Archive for July, 2017



RPT management utilities for 2017

Sunday 30 July 2017 @ 2:19 pm

I have just updated my comparison of RPT management utilities for 2017. These are tools that allow you to scan, document, compare and in some cases batch update RPT files.  The list now includes 9 tools:

Report Runner Documentor by Jeff-Net
R-Tag Documentation and Search by R-Tag
CR Data Source by R-Tag
Visual CUT and DataLink Viewer by Millet Software
Report Miner by the Retsel Group
Code Search Professional by Find it EZ Software Corp.
Dev Surge 365 by Find it EZ Software Corp.
Report Analyzer by Cortex Systems
.rpt Inspector 3 Professional Suite by Software Forces, LLC




A switch to turn “stealth” subreports on and off

Tuesday 25 July 2017 @ 11:28 pm

I wrote a long time ago about the “Stealth” subreport. This is an invisible subreport that runs in the background and provides a value to the main report as a shared variable. But if you have a few of these subreports in the same container report it can be difficult to do troubleshooting. To see what the subreports are returning, you have to go into each of the subreport’s key sections to unhide or unsuppress them.

But I received a suggestion from Gordon Portanier that makes it simple to activate and deactivate “stealth” mode in all of the subreports in one place. First you write a formula like this and place it in the report header of the main report:

WhilePrintingRecords;
Shared BooleanVar Stealth;
Stealth := True;

Then you go to each of the sections in the subreport(s) that you want to turn on and off when troubleshooting. Instead of hiding or suppressing those sections, you put in a suppress condition that says:

WhilePrintingRecords;
Shared BooleanVar Stealth;

As long as the first formula isn’t modified, those sections should stay suppressed and the subreport should stay invisible. When you want them to appear you comment out the bottom line in the first formula, the one that assigns the value TRUE to the variable. Because Boolean variables are FALSE by default the variable will revert to FALSE and all the sections where you used that condition will now appear.
So, thanks again to Gordon Portanier of Crystalize in Canada for sharing this suggestion.




Refresh prompt when you change pages?

Sunday 16 July 2017 @ 2:03 pm

This strange behavior has nagged at me for a while. I refresh a report that has subreports and preview the first page. When I move to the next page I get a prompt that says:

“Change in record selection formula”

and the choices are “Use Saved Data” or “Refresh Data”.

Now it is obvious that I haven’t changed the selection formula by clicking the “next page” arrow, and yet I have seen this behavior in several reports. Usually it doesn’t cause a problem and I just ignore it.

But today I worked with a customer who wanted to fix that behavior so we took the time to do some experiments. After a few tries it finally dawned on me that there was one way that a formula will change, all by itself, between one subreport and the next. When a formula references the current time it will change slightly as you page through the report. Sure enough, the selection formula in the subreport was limited to activity in the last 15 minutes:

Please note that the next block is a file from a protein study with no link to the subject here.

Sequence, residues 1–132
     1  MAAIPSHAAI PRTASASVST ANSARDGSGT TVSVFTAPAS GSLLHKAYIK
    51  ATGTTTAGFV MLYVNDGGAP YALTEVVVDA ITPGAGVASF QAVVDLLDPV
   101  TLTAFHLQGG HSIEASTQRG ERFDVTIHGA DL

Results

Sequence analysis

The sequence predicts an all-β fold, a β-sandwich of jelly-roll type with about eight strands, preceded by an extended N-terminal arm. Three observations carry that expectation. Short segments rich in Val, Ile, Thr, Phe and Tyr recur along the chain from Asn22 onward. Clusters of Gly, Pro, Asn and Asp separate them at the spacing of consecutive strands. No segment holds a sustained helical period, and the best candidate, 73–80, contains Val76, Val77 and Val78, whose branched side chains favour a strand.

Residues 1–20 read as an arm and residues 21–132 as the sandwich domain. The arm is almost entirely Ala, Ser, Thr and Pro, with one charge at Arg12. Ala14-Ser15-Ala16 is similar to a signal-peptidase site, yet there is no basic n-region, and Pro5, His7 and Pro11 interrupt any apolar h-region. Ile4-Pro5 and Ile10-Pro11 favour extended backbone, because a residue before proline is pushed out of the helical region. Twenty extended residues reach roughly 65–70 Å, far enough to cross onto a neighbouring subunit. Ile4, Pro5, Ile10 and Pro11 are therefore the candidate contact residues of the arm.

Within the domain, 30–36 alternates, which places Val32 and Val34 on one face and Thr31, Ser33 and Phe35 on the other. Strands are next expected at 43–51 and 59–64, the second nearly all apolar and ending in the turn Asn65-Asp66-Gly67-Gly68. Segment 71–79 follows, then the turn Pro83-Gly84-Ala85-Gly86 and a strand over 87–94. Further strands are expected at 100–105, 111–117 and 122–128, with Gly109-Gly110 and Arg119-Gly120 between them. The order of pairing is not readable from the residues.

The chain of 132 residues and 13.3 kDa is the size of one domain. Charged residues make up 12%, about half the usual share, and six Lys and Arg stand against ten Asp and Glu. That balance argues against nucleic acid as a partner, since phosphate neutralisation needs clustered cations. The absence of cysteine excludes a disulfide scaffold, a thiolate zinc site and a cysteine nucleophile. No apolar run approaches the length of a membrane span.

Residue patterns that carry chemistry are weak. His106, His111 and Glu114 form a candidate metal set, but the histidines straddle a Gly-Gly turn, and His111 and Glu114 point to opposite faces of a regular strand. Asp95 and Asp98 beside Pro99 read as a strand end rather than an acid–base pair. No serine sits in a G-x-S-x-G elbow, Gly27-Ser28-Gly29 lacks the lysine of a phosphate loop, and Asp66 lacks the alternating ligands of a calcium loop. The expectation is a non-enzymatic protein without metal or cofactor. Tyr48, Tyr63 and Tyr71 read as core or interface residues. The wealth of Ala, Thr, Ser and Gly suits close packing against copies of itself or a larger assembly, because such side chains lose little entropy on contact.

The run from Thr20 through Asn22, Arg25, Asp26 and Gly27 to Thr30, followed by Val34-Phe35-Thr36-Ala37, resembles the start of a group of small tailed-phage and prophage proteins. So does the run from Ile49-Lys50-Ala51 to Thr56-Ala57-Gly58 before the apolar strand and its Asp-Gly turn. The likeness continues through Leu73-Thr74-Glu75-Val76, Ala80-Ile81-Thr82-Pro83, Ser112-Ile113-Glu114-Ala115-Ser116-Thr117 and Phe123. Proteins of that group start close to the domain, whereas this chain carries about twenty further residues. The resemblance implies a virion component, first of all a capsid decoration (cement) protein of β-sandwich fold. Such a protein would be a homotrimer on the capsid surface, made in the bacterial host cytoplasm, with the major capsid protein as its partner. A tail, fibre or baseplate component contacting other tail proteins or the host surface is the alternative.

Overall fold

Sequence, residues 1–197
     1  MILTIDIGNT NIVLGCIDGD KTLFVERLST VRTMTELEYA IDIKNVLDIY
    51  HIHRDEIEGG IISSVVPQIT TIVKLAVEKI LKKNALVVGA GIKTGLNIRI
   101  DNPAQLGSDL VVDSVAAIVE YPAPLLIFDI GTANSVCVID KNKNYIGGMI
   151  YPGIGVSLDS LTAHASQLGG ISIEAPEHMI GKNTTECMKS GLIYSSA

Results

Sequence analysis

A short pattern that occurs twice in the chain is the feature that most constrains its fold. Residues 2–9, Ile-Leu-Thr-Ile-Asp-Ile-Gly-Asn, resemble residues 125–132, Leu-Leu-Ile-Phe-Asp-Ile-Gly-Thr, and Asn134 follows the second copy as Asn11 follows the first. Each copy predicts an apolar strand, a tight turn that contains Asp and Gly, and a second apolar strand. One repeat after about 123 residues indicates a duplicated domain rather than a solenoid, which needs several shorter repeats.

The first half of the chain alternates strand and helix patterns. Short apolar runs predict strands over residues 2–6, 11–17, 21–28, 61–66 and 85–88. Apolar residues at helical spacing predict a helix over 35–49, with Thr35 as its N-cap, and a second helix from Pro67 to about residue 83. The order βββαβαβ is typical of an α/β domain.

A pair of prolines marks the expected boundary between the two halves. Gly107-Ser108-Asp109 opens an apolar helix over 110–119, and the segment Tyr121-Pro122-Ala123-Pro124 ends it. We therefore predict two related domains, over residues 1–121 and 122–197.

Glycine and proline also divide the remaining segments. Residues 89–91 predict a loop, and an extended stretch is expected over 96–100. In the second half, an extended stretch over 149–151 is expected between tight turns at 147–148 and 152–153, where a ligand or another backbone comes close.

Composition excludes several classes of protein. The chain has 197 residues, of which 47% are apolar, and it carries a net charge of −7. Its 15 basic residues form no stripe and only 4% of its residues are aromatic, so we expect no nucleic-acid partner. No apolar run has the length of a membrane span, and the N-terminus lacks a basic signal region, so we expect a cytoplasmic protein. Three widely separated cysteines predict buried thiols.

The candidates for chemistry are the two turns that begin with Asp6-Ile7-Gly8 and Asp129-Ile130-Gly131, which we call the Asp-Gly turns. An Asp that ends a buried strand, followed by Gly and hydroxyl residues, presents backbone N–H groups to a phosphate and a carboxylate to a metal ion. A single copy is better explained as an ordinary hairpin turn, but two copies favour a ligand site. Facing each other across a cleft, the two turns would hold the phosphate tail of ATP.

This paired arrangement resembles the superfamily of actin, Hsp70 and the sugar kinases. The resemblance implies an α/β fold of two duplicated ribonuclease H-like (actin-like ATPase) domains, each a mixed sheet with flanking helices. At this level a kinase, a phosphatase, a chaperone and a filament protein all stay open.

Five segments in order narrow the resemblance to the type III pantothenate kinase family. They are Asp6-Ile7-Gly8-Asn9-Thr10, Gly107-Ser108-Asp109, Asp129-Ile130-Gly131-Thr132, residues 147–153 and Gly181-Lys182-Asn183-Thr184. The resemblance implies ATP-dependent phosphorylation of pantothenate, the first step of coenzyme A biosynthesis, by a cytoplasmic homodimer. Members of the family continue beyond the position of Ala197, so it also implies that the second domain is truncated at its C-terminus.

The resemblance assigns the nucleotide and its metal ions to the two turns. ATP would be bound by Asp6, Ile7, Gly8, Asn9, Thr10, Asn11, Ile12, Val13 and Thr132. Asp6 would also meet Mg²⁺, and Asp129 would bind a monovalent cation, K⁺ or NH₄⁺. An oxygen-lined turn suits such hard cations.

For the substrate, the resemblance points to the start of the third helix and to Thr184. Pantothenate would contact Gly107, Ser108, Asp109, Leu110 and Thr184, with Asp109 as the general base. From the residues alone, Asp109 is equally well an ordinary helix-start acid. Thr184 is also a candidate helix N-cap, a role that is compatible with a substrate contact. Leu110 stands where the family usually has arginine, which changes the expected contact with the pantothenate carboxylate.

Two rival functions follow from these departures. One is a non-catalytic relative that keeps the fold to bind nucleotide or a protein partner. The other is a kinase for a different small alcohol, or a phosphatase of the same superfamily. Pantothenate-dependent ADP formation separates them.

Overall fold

{DateTime.Field} in DateAdd ('n', -15, CurrentDateTime) to CurrentDateTime

To fix the problem we need a single DateTime value to use in all of the subreports. So we decided to calculate a value in the main report and pass it down to the subreports as a parameter. To make sure the value didn’t change on each page we wrote a formula to combine the functions DataDate and DataTime like this:

// {@DataDateTimeEnd}
DateTime(DataDate, DataTime)

The advantage of using the DataDateTime is that once the report is refreshed that value doesn’t change from one page to the next. The CurrentDateTime function can return different values as the report goes through the pages.
I then calculate a second DateTime that is 15 minutes before the value above:

// {@DataDateTimeBegin}
DateAdd ('n', -15, {@DataDateTimeEnd})

Last, I pass these values down to the subreports as linked parameters and use them in the selection formula like this:

{DateTime.Field} in {?Pm-DataDateTimeBegin} to {?Pm-DataDateTimeEnd}

We still get the last 15 minutes of transactions, but without any prompts.




Sorting numbers that come after letters

Monday 10 July 2017 @ 7:01 pm

I recently had a customer ask if I could help him sort part numbers. The problem was that the part numbers start with one or more letters followed by 2 to 7 digit number and sometimes a dash in between. Since the field is a string, and since the numbers vary in length, the sort doesn’t work as expected:

APD009
B-1025
B326
B-52

(See this article for why dashes are sometimes ignored in sorting. )

So here are the steps to get these to sort in a meaningful way. First I wrote a formula to determine how many initial characters there are. This is based on a formula I wrote about before that was designed to strip all numbers off of the right end of a string:

//{@Initial Chars}
Local StringVar x := replace ( {ITEM.ITEMNO} & '1' , '-' , '' );
Local NumberVar y := Length( Totext( Val( strReverse( x ) ) ,0,'') );
if length(x) = y then 0 else length(x) - y

Then the remaing steps are:

1) Eliminate the dashes.
2) Strip off the initial letters and convert the remainder to a numeric using Val().
3) Use Totext () to convert the number into a zero-padded string
4) Tack the initial letters back on.

With local variables you can see the process, step by step.

Local StringVar x;
Local NumberVar y;
x := Replace ({ITEM.ITEMNO} , '-', '') ;
y := val (x [ {@Initial Chars} +1 to 99 ]);
x [ 1 to {@Initial Chars} ] & Totext (y, '0000000')

The resulting values would look like this if you placed them on the report. But these would probably only be used for sorting and not displayed.

APD0000009
B0000052
B0000326
B0001025




Jeff-Net

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